Augmented Reality.   Immerse your audience.
At Trekk, augmented reality is part of our Paper to Pixels strategy; we use it to move audiences from a single, static touch point to a digital channel that enables connection and continued communication.
We go well beyond AR development. We help you craft multi-channel strategies that aid in the distribution, deployment, and ongoing content management of your AR channels and content.
What makes augmented reality such a game changer for marketers is its ability to engage audiences in different ways over time. By creating content experiences that supplement print collateral, direct mail, packaging, and more, you can create memorable, meaningful, and measurable interactions that increase audience response. More importantly, you can change those experiences over time, creating a communication channel that promotes loyalty.
Whether the AR experience you desire is a 2D or 3D video, an interactive experience, or a fully immersive experience that transports your audience into a virtual environment, our developers can bring your vision to life through:
Direct mail and catalogs
Event marketing programs
Packaging and point of sale
Branded mobile apps
What is augmented reality?
Augmented reality uses a device, usually a smartphone or tablet, to augment the real world — to add an extra layer on the viewer’s physical surroundings. That layer could be an animation, a 3D model, or any combination of images, sound, and video that together create an experience for the viewer.
It’s not the same thing as virtual reality. These technologies are often lumped together, probably because people who are interested in one are often interested in the other. (Trekk is a case in point — we’re also really into VR.)
Virtual reality involves tricking the mind into experiencing a completely alternative world, one that is not really there. Today’s VR usually involves a wearable — a headset or glasses that you put on to block out the real world. Many of these headset experiences have an audio component to more fully immerse the viewer in the virtual world.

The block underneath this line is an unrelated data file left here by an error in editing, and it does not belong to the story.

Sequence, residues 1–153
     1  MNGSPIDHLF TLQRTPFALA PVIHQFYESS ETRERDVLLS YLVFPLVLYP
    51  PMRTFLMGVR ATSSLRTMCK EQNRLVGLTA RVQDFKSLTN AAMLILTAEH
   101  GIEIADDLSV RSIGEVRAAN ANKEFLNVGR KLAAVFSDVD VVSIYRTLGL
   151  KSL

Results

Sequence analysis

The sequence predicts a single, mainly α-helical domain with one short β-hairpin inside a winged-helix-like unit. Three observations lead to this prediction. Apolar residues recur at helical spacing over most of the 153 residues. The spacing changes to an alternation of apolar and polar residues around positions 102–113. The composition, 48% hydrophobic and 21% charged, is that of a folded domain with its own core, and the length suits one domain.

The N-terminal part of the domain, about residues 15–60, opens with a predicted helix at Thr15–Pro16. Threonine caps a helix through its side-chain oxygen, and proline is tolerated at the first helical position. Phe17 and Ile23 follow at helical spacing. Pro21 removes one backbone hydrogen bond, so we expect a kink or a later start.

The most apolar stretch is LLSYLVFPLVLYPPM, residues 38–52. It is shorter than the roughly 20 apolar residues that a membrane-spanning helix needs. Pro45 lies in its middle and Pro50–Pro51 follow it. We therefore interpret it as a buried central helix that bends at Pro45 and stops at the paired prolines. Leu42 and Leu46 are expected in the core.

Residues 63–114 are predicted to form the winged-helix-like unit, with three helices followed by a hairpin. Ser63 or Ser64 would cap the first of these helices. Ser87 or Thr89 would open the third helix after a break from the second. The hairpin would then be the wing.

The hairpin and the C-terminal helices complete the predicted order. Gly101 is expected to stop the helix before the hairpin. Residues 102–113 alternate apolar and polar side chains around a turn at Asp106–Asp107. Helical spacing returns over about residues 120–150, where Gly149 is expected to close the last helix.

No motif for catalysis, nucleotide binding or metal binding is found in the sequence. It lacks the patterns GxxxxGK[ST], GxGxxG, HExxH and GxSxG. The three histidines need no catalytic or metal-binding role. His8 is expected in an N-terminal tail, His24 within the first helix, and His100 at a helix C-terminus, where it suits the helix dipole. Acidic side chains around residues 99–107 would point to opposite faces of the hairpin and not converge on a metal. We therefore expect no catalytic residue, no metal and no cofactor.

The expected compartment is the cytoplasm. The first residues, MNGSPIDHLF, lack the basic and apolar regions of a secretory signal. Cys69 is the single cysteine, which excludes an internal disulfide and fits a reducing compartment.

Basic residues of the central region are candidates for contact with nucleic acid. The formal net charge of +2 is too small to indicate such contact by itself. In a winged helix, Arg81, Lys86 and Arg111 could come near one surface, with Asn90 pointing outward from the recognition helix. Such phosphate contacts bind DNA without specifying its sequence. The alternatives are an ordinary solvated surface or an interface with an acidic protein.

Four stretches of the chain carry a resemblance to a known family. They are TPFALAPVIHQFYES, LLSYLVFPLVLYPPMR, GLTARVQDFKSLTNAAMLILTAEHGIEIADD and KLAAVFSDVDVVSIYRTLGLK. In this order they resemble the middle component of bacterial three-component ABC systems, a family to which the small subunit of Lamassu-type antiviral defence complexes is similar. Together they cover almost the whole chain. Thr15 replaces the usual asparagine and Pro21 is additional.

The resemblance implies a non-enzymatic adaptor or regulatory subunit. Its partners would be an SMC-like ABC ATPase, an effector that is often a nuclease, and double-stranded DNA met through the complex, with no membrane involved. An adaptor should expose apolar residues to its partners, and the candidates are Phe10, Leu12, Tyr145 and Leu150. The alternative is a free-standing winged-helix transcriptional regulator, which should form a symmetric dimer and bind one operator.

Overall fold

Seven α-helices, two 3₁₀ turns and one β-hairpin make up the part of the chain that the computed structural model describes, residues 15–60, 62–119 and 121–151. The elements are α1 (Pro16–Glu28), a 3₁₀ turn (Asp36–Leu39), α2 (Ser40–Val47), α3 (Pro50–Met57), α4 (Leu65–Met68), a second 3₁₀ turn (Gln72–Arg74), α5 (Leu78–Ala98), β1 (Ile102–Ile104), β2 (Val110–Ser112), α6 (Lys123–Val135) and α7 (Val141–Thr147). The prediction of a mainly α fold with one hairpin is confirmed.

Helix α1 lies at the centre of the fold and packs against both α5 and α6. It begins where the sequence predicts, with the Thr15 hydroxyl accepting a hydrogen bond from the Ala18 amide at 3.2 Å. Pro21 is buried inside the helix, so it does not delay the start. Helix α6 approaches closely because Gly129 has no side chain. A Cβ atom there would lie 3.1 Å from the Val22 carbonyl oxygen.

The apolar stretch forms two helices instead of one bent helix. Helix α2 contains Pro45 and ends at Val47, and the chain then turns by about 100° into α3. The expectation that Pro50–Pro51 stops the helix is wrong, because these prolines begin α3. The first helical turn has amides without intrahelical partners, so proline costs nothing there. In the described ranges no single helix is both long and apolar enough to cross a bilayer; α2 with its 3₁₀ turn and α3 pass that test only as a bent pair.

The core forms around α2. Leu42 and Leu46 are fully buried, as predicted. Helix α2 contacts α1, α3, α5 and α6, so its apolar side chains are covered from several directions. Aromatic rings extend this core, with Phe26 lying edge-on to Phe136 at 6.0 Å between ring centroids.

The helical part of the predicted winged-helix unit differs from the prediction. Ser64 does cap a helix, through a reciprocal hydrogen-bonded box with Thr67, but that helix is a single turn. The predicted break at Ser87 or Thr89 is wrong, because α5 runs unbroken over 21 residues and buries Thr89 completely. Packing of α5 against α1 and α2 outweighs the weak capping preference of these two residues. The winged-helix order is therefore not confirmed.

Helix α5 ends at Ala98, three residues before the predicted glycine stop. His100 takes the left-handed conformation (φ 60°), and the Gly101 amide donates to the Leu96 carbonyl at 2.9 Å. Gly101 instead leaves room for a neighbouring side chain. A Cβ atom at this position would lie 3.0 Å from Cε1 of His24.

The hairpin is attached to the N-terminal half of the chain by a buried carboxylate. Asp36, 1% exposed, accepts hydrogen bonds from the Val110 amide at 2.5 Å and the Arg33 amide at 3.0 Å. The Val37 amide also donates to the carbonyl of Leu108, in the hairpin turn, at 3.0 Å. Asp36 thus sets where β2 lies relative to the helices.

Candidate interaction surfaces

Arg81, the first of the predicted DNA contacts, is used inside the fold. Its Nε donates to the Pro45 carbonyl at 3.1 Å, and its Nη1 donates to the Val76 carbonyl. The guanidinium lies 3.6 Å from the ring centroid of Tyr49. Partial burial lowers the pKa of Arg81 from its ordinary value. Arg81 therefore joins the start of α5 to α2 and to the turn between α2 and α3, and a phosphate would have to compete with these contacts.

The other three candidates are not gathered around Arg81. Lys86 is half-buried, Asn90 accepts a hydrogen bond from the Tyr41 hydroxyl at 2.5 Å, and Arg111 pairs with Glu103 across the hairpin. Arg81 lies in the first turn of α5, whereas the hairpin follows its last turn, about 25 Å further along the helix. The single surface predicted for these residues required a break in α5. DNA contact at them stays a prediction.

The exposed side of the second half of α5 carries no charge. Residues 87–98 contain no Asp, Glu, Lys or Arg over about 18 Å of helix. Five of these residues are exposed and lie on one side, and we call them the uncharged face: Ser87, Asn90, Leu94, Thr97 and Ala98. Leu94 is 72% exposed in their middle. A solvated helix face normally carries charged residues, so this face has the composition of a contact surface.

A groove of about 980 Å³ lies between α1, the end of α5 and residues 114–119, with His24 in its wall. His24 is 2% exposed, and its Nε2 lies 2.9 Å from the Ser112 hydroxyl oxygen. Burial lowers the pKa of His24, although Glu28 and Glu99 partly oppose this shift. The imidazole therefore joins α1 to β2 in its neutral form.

One of the important differences between AR and VR is that augmented reality can be used as a bridge between the physical world and the digital one. When implemented with a marker — usually an icon printed on a print piece — AR acts as a catalyst that moves the viewer from that print piece to a digital channel. Markerless augmented reality, on the other hand, is launched directly from an app. Which type you choose — marker-based or markerless — will depend on your audience and your goals.
How are organizations using augmented reality?
The short answer: to communicate better.
There are infinite augmented reality use cases across industries. Our prediction is that we’ll see it more and more frequently in healthcare and education in the coming months and years. Developing a training manual? Imagine bringing the printed piece to life with augmented videos, 3D models, and voice instruction. It’s the multi-dimensional way that people experience most media these days, so why shouldn’t educators be able to harness this technology to reach more learners — and more individual learning styles? At Trekk, we use augmented reality to help our clients reach a larger audience across more channels. When we’re all on our smartphones all day, every day, augmented reality is a way for marketers to meet customers where they are.
Augmented reality: a bridge between channels.
Over the last decade, multi-channel marketers have invested heavily in digital strategies — their websites, their social media presences, online advertising, and inbound marketing. In the physical world, they’re also sending direct mail, representing their brand at live events, and investing in out-of-home advertising.
Augmented reality is game-changing because it ties our digital initiatives to a bigger, multi-channel picture. It can launch someone from your poster to your website, from your trade show booth to your downloadable content offer. The interaction might begin on the pages of your magazine or with a piece of transactional mail, but bridging to digital with AR makes it easier for your audience to engage on the channel of their choice. Suddenly, your multiple channels look less like a set of parallel lines and more like an interconnected web.
Ready to take your audience from paper to pixels? Try:
- Augmented Reality Direct Mail. A postcard with a photo of your product is one thing, but adding videos or 3D models can take engagement and effectiveness to a whole new level.
- Augmented Reality Sales Collateral. Pack collateral with supplemental information, explainer videos, and contact methods. AR helps your sales leave-behinds stay evergreen — just update the AR experience with new information monthly or quarterly and you’ve got a built-in content delivery system.
- Augmented Reality Product Catalogs. Make catalogs three-dimensional and interactive. AR allows customers to explore products at scale in their own homes, test before they buy, and check out easily on mobile.
- Augmented Reality Packaging. Packaging is the perfect opportunity to integrate visual storytelling. Augmented packaging is all about the customer relationship. The viewer has already bought the product, and now the packaging is a platform to deliver even more value with video demos and interactive FAQs.